Cover: Life Satisfaction in China and Consumption and Income Inequalities

Life Satisfaction in China and Consumption and Income Inequalities

Published in: Review of Economics of the Household [Epub July 2017]. doi: 10.1007/s11150-017-9386-9

Posted on on December 19, 2017

by Xiaoyan Lei, Yan Shen, James P. Smith, Guangsu Zhou

This research uses nationally representative data to study how economic resources and inequalities are associated with life satisfaction of Chinese residents. We construct economic resource and inequality measures from expenditure rather than from income, after confirming that expenditure inequality is a better measure in the Chinese context. We find that economic inequalities in general are negatively associated with life satisfaction, and that this association is larger for inequalities in the lower half of the distribution than those in the upper half of the distribution. We further explore the mechanisms under which inequality can be associated with life satisfaction, and find that aspiration is potentially one important channel.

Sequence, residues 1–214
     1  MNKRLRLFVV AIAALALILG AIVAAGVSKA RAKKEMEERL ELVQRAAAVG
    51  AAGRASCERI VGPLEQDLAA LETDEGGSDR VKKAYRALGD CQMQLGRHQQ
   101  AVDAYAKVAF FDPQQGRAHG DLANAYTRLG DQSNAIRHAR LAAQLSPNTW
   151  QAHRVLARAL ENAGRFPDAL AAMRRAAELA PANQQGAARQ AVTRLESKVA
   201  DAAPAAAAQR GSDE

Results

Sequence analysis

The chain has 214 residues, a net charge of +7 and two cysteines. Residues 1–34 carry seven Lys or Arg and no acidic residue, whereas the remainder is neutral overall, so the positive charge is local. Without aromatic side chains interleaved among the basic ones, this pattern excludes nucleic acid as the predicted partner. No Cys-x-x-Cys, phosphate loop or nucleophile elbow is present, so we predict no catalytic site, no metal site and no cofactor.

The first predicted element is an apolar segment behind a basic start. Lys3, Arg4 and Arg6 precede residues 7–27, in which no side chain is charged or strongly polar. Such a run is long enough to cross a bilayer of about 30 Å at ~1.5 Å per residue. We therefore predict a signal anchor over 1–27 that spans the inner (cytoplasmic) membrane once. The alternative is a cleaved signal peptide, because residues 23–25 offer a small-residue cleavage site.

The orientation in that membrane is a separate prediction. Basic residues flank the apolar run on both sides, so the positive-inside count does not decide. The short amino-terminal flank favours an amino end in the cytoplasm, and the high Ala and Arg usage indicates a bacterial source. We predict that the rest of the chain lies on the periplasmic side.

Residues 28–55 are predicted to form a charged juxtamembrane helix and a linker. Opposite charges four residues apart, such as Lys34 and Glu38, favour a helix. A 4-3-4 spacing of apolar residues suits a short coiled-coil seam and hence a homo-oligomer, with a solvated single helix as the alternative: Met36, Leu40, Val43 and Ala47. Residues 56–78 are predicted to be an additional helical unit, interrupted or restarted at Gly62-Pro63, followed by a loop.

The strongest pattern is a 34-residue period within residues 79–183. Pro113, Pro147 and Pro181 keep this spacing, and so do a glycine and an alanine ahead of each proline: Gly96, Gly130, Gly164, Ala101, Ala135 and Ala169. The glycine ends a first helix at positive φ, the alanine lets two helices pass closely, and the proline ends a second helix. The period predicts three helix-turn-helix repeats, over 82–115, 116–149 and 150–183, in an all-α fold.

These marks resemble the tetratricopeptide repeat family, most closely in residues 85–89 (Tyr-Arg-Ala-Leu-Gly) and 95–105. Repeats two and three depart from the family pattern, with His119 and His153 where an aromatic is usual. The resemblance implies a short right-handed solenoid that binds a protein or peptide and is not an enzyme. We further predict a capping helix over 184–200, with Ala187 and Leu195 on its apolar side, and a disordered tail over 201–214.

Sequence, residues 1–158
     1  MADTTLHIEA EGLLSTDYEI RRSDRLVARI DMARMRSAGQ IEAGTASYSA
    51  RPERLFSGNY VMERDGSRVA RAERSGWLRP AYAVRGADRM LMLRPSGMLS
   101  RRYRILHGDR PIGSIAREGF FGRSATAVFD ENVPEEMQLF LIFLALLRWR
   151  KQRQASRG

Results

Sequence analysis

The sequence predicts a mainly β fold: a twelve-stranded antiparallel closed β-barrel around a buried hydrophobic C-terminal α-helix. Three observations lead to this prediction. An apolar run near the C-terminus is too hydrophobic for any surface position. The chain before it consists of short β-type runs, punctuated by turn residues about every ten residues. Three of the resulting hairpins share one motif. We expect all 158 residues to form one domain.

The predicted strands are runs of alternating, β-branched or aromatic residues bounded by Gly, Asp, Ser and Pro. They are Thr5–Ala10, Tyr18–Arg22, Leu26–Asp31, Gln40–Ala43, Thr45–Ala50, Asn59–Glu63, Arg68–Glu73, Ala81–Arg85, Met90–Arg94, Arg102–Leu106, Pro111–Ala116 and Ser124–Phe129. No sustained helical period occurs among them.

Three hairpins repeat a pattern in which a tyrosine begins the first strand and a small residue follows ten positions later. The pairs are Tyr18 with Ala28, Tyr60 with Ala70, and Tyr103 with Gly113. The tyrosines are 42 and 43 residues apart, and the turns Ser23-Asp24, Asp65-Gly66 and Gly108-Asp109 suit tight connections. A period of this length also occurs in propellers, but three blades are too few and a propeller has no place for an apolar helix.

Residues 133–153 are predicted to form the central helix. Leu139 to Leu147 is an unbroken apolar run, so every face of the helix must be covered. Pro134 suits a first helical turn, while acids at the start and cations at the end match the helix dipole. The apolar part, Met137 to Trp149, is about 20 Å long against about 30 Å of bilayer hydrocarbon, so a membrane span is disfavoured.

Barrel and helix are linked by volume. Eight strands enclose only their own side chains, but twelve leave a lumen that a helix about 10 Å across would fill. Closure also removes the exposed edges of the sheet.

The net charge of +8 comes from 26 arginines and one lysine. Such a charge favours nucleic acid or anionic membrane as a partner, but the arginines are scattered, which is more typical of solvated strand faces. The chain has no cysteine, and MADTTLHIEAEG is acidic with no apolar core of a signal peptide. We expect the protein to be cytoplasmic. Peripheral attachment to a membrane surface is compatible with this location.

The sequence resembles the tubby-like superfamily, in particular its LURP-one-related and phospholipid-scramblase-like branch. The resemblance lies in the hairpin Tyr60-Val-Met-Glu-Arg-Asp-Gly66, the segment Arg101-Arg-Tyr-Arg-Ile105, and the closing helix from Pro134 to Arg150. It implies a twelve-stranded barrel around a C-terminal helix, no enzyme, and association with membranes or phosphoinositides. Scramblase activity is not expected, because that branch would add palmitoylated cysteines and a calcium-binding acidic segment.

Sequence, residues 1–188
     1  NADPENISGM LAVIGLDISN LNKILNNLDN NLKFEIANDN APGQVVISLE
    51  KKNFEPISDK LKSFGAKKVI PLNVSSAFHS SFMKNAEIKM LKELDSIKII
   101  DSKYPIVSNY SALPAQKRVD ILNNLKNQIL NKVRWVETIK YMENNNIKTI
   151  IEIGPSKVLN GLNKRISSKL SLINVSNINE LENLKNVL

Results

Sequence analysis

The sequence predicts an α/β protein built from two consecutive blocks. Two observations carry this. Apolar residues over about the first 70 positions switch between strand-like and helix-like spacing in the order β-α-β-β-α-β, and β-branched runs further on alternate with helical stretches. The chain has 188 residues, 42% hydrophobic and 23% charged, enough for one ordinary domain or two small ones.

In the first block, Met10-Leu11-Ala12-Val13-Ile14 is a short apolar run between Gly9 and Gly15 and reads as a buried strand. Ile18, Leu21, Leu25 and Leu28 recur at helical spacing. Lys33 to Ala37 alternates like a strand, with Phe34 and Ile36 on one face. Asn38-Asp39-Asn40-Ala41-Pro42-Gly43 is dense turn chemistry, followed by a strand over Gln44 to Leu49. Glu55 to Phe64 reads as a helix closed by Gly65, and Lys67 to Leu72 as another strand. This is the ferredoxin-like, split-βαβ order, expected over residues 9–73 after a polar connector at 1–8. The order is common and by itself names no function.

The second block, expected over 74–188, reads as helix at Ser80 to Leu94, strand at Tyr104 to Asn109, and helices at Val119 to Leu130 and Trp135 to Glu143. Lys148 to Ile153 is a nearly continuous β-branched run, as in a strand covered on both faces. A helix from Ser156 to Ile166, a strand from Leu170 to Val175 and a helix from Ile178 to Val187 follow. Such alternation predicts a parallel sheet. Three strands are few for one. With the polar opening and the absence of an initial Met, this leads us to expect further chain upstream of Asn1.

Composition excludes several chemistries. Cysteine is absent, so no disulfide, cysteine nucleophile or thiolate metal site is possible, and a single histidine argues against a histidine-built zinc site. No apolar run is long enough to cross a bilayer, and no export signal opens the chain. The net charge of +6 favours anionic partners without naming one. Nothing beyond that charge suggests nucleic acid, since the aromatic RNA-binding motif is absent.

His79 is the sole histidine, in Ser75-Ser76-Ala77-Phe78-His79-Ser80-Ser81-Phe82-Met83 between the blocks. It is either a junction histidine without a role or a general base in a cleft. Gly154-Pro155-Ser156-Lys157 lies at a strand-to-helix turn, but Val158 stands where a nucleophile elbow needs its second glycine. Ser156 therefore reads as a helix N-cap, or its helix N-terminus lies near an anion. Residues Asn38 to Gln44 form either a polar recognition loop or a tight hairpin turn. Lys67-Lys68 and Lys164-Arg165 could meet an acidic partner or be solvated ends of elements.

This report is part of the RAND Corporation External publication series. Many RAND studies are published in peer-reviewed scholarly journals, as chapters in commercial books, or as documents published by other organizations.

The RAND Corporation is a nonprofit institution that helps improve policy and decisionmaking through research and analysis. RAND's publications do not necessarily reflect the opinions of its research clients and sponsors.